# Specific Exergy vs Specific Flow Exergy

1. May 22, 2013

### Suvat99

I'm having some difficulty understanding exactly what the difference between the definitions of these values are. As I understand it, in terms of solving given problems, you have to use the equation for specific exergy (NOT flow) when solving a problem that isn't a "flow" problem (ie: otto cycle, diesel cycle). However, I don't really understand the difference conceptually.

My understanding is: exergy of a state refers to the maximum theoretical energy that can be extracted from it usefully in a given environment, where
e = (u-u0) + p0(v - v0) - T0(s-s0) + (V^2)/2 + gz
Meaning what you can get from it is its internal energy above the normal, the "potential" energy it has from displacing the atmosphere due to expansion, a loss based on its entropy, and its KE + GPE.

For flow exergy, the equation is much the same as above, only the (u-u0)+p0(v-v0) is replaced with (h-h0). I thought these were the same thing...? When, mathematically, would these two formulae give different answers?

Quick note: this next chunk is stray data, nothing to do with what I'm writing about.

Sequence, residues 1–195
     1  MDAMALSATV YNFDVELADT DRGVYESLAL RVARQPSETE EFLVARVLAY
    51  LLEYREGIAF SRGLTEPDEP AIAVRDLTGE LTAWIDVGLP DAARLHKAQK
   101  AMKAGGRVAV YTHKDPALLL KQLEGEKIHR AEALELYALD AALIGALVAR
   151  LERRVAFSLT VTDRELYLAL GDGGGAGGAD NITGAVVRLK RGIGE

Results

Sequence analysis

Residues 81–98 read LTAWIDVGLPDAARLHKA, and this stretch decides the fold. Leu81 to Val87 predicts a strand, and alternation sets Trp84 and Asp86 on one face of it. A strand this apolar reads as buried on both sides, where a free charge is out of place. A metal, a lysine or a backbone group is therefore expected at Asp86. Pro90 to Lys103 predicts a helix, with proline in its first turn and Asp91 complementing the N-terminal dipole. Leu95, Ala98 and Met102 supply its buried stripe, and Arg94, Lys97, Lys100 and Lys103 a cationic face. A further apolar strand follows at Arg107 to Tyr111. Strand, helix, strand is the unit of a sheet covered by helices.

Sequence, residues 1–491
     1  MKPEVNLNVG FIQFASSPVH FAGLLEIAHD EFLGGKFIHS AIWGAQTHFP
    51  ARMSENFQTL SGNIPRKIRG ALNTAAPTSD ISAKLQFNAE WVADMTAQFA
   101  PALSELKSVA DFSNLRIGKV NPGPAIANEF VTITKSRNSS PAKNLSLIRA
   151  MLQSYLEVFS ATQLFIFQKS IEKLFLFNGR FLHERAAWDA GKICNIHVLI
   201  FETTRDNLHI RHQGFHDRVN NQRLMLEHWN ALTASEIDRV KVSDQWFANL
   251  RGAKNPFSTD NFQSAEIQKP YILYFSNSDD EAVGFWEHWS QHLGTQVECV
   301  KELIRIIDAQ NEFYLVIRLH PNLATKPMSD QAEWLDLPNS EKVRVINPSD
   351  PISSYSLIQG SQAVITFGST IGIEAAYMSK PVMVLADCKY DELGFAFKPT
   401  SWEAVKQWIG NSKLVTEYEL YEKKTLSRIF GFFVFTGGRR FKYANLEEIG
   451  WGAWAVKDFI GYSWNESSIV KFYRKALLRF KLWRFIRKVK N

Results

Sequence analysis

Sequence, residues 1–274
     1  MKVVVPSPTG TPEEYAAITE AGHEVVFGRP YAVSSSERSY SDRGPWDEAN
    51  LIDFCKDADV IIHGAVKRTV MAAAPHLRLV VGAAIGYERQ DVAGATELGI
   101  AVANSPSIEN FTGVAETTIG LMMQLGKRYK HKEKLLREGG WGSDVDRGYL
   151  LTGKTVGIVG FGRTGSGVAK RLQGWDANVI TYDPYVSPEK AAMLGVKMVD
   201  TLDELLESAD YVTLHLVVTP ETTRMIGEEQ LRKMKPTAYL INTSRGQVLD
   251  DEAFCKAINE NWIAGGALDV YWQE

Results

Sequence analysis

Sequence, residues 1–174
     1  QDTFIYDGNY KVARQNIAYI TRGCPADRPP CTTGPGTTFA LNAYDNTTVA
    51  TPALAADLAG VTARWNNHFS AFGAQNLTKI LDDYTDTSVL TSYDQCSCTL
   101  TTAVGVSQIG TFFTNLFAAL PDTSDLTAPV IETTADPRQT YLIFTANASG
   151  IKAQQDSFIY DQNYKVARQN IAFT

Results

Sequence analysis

I've been given an explanation based on a piston engine having to push against the atmosphere as stuff in it changes, while (say) a rankine cycle is all self contained and never acts to displace the atmosphere. This seems like it's the right concept to explore, but I don't see how to apply it to understanding two equations which mathematically look identical to me.

2. Apr 27, 2017

### ScareCrow271828

Flow exergy just means that exergy is flowing in or out. It might just be more relevant to substitute h for u+pv because that could be more relevant for an exergy flow analysis. Not sure, they are mathematically equivalent though, its just a matter of definition.

Last edited: Apr 27, 2017
3. Apr 27, 2017

### Staff: Mentor

Are you familiar with the comparison between the closed system version of the first law and the open system (control volume) version of the first law?